Actually viewed throughout the crisis, so I do think it's the best time to allocate, and also to create a company. Right right. Yeah, I totally agree with you on this one. 

So, now, before we jump deeper into this topic, I wanted to share more of your perspective and specifically what exactly do to as and best for, at alpha square group. What's your role? 

Oh, 

I guess, 

from my side specifically, 

so we, 

as I mentioned, 

right we we do broader as allocation that ranges from private public and contemporary arts on my row specifically. 

I I do tend to cover mostly on the private, where I could be an investment,
a direct investment into the sector, 
which tend to focus on enterprise and think tech there's two sector, even though we have down. 

So consumer E, commerce before. But that wouldn't be a core focus on our end in the investment mandate. So, majority of my time will be on the private. 

So I do cover funds and and direct investments. So, we do typically five to eight direct investment, core, direct investment by that. 

What I mean, in a given year and then that's typically the pace. We will be spending time. 

So, 

but on the other side, 

I do tend to cover a bit into helping the company that I do cover back when making an initial investment, 

helping their go to market strategy. But also. 

Pay strategic clients introduction, not just selling the US, but also the APAC in general that will, that will be helpful. 

So those would be, I guess, the my majority of my time would be spent on got it. And the next question is, how do you source the deal? So how do you find those starts that you want to invest in privately? 

So, I guess from a family office perspective, it is a little bit different aspect that we do overlap with the VC of the world. 

So we tend to think ourselves that we, we tried to keep a relatively low profile while maintaining pretty active from the past to allocating for investment. 

So we do tend to use a few approach one being the research driven approach. 

I think that's across board for a lot of the hedge funds, or, or the vc's that we do spend a few months into a particular sector to understand the key players and pinpoints a valid change. 

That that we, when we encounter a company that we get to know all the players, whereas the challenges at the company need to solve to get to the next step. 

So that by definition the research of our approach that would actually generate a lot of either. 

I guess outbound targets or against inbound as well and then the second I would say, it's the entrepreneur and portfolio network. 

So, since inception, we've had that over thirty portfolios, the core portfolio by job. I mean, usually it's a larger than a few million position and and that. 

And if the data network, we usually would have a referral from the portfolios either could be the entrepreneur himself or broadly speaking the partners. You have to work with either in the earlier side or so.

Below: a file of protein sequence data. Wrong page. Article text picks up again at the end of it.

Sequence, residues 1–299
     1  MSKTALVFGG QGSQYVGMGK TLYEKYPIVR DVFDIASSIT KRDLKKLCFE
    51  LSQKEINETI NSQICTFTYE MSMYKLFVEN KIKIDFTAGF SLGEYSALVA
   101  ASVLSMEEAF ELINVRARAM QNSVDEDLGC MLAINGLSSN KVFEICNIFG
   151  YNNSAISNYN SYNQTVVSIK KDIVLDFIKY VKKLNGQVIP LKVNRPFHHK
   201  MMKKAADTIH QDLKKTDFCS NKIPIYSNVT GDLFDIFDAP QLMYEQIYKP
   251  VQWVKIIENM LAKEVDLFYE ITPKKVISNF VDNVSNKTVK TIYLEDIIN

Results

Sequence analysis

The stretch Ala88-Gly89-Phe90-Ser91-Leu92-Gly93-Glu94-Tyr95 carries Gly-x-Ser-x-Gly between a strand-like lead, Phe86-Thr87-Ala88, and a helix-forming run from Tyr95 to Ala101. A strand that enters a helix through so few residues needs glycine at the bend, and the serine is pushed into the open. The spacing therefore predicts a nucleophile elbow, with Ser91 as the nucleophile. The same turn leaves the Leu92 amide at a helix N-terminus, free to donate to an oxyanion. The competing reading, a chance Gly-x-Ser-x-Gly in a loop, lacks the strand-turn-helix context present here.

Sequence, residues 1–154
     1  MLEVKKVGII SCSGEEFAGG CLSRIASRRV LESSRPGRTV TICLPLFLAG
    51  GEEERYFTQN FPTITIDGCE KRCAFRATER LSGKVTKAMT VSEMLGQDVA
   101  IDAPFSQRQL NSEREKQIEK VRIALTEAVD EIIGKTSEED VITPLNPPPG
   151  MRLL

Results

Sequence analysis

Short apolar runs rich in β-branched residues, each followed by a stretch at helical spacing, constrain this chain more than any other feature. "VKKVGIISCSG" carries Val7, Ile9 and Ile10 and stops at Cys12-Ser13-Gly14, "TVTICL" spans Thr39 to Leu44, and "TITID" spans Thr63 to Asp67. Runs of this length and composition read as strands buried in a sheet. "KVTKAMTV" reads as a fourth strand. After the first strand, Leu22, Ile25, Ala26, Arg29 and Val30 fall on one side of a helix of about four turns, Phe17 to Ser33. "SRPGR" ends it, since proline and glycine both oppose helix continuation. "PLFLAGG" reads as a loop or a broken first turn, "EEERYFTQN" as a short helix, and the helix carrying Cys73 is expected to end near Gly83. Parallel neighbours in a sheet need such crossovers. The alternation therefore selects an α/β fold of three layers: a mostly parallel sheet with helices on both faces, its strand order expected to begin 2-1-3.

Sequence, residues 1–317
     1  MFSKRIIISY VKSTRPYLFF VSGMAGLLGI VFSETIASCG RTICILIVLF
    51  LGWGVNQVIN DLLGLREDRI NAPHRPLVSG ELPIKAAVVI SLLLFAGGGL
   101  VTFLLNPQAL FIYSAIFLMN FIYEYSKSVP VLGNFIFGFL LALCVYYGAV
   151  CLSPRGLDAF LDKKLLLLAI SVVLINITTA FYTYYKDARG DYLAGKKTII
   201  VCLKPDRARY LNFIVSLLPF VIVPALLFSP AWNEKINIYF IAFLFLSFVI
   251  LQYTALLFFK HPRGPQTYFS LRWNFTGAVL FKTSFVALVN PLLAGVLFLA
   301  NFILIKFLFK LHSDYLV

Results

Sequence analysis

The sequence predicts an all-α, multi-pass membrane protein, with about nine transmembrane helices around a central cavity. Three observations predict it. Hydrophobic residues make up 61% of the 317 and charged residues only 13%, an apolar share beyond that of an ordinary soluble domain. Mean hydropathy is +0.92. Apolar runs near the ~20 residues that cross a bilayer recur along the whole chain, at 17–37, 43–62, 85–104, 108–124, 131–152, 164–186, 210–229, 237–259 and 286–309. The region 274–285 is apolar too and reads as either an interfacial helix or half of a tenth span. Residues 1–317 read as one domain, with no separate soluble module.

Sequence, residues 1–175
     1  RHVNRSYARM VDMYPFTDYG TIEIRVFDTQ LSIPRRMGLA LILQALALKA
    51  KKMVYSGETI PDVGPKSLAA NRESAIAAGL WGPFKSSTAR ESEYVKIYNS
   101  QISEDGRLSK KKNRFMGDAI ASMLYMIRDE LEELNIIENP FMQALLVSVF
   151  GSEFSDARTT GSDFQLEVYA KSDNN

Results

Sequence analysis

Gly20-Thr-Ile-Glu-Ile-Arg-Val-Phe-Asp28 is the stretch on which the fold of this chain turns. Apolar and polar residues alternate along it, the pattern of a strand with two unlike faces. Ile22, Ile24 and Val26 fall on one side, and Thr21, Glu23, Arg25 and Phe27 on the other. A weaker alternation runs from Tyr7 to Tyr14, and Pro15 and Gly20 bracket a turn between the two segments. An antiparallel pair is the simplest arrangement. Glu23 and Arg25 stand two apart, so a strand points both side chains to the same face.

So, those can be another channel to source with as well. I would generally say it's a little bit unique 
and given that we're in the family office community. 
There's a, the offers who, either on the investment side. They have their direct investment practice, whereas we do collaborate pretty often for that. 

The family could be on more on the operations side, 

whereas they do see a lot of a strategic alliance with their business and, 

and in partnership we can strike with and those would be three channels that to source deal. 

And third point, it's usually different than the other policies I would say, because we do half globally. 

We tend to partner with three hundred, three hundred, plus, family offices, either in financial services insurance, a telecom, and a variety of the sectors and you name it. 

Got it so you mentioned that I mean, I got major the major sources of, of your deal flow. 

I was wondering, can a founder just basically email you or can they reach out to you on LinkedIn and you'll actually take a look at their pitch deck or is it not something that works with? You guys. 

Generally, 

speaking, 

the email would be more responsive, 

the other channel technically, 

but I do tend to take meeting selectively by meaning that usually, 

if, 

if it's more personalized email or message, 

I would, 

I would generally apply a reply. 

But, if at that standard templates, or I guess the, the group message, it's, it's usually a bit difficult, but I, I try to respond to all the emails, at least on the other channels. 

I cannot guarantee,
but I would be welcome to to those entrepreneurs we reach out,
but also to personalize to the end goal,
whereas do see the strategic alliance or or things we particularly looking for. 

Right? Right. That's great. So, now, let's discuss the topic. That's one. Probably of the major, the most training topics right now, in terms of the VC world, and it's who should founders go to right now for funding? 

So we have three major sources of capital for third founders, which is angel investors and and family offices. Which of those three do you think a foundry should choose right now for funding? 
I think generally, speaking, depending on stages both, but I guess all of them works. 
But at this point, I do believe if you wanted to go to a VC that you needed to have a, if very clear proposition. 

And usually, it's the thing that works is typically you need to go to one of for the feel of the piece that could essentially and make the call directly in this difficult situation.